Satellite Launch

About the Launch

On Thursday, January 9th, 2014 an Antares rocket carrying Orbital’s Cygnus cargo logistics spacecraft with the GO-Science SkyCube Satellite successfully lifted-off from Pad-0A at Wallops Island, Virginia boosting Cygnus to an initial target orbit. Cygnus will use its on-board thrusters to raise its orbit to rendezvous and berth with the International Space Station (ISS) on the morning of January 12th, 2014. After removing the satellite from the Cygnus spacecraft the astronauts will then place the SkyCube Satellite into its own orbit on a date to be scheduled by NASA between now and June.

After the mission is complete, the satellite will inflate a 10-foot (3-meter) diameter balloon. SkyCube’s balloon will make the satellite as bright as the Hubble Space Telescope or a first-magnitude star. You’ll be able to see it with your own eyes, sailing across the sky. However, SkyCube’s balloon isn’t just for visibility. Within three weeks, it will bring SkyCube down from orbit due to atmospheric drag, ending the mission cleanly in a fiery “grand finale” that avoids any buildup of space debris.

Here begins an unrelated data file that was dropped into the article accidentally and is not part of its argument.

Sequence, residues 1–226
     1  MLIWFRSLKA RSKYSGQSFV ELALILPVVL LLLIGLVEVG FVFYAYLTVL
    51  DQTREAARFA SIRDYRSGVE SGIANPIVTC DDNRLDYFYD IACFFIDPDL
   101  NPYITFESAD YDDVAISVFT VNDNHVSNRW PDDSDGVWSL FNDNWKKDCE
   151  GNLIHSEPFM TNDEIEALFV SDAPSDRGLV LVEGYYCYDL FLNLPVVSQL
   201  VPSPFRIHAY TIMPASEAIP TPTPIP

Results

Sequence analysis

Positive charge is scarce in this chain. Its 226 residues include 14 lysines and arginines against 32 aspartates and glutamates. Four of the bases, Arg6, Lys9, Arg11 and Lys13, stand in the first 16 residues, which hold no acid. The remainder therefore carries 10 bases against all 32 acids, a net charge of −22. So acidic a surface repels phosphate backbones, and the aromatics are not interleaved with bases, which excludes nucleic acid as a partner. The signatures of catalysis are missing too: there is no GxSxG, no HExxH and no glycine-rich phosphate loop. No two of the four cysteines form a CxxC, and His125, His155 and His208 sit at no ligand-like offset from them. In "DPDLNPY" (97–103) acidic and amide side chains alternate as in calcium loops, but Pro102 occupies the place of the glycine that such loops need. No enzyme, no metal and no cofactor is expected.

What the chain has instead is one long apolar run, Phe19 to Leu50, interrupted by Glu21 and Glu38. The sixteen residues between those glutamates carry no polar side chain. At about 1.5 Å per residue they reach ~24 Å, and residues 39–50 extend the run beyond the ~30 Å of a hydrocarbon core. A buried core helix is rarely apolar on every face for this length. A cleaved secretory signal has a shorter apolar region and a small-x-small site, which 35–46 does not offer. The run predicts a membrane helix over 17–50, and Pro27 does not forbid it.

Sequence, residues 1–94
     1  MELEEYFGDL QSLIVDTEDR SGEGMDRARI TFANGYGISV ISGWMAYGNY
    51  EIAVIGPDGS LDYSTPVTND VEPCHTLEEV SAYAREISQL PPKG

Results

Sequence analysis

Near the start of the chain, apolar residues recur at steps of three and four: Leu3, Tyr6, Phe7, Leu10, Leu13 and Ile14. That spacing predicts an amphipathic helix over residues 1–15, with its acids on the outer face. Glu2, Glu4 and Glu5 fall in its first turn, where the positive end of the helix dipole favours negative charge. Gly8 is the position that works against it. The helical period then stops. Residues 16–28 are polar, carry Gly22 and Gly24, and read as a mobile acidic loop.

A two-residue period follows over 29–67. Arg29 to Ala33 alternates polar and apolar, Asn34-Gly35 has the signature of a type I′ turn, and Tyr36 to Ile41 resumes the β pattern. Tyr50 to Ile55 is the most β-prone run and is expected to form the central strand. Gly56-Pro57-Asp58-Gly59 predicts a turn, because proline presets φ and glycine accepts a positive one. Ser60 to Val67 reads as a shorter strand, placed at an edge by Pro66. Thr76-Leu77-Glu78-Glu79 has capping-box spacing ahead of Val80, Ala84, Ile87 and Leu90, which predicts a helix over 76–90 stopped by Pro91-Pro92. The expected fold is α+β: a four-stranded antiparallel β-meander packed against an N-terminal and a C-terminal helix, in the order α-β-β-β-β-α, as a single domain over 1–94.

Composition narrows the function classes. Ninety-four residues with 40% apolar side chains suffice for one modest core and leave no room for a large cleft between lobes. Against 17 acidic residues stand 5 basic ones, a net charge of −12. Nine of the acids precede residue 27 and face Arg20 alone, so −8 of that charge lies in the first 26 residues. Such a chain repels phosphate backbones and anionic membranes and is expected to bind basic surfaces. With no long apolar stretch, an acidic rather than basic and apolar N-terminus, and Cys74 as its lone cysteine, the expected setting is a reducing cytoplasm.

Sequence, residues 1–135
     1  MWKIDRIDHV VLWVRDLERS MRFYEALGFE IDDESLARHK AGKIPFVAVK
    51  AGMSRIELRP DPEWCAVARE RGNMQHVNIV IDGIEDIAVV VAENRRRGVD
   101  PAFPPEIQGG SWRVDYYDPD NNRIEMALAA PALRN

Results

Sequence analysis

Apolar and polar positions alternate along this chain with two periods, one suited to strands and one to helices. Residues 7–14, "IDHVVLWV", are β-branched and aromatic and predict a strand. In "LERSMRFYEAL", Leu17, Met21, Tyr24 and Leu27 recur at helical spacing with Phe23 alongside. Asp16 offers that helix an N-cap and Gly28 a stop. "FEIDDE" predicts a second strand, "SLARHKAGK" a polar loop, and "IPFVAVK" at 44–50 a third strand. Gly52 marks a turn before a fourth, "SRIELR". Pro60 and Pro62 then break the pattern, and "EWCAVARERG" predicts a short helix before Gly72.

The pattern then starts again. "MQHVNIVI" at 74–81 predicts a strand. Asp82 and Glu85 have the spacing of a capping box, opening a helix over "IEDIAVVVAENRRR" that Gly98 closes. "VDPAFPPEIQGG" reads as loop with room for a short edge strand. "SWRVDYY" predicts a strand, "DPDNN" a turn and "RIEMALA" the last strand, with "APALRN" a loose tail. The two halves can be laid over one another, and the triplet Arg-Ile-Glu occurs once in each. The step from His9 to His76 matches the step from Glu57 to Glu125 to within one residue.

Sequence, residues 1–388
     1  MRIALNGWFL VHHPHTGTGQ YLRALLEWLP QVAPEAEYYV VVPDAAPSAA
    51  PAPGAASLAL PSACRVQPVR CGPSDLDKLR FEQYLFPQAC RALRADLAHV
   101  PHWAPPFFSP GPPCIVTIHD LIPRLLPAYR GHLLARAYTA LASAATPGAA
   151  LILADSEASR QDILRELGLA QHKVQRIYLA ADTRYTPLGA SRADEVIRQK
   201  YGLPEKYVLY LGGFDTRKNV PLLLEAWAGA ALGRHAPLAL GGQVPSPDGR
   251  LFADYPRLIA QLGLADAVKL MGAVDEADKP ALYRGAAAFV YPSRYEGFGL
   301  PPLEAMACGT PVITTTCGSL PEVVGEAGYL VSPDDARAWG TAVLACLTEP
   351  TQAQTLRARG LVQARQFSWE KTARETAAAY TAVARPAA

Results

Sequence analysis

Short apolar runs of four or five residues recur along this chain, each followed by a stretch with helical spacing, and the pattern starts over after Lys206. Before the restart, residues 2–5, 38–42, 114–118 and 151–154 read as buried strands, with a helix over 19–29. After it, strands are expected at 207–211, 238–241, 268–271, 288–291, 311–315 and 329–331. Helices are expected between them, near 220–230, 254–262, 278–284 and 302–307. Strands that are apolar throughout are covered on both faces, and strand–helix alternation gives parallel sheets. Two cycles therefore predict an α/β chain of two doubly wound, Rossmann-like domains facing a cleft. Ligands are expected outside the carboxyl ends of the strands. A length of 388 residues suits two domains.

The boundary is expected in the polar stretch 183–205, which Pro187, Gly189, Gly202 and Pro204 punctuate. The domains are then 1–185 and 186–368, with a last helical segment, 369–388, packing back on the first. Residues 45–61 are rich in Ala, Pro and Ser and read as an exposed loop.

GO-Science is a sponsor of the mission and will be acting as an educational arm by providing educational resources tied with the mission to students and teachers nationwide. These resources include classroom lesson plans and interactive activities that will be made available at www.go-science.org.

GO-Science has reserved access time to the satellite to take pictures from space and send messages from the satellite. Individuals and organization can reserve a limited number of photos and messages by making a tax-deductible donation to GO-Science online at shop.go-science.org. This is a great opportunity to be part of history while also helping to support educational activities in science, technology, engineering, and mathematics.

Click Here to Reserve Your Space Photo or Message


Click Here to Watch Live Video from The International Space Station


Click Here to Learn Where to Look in the Sky to Spot the International Space Station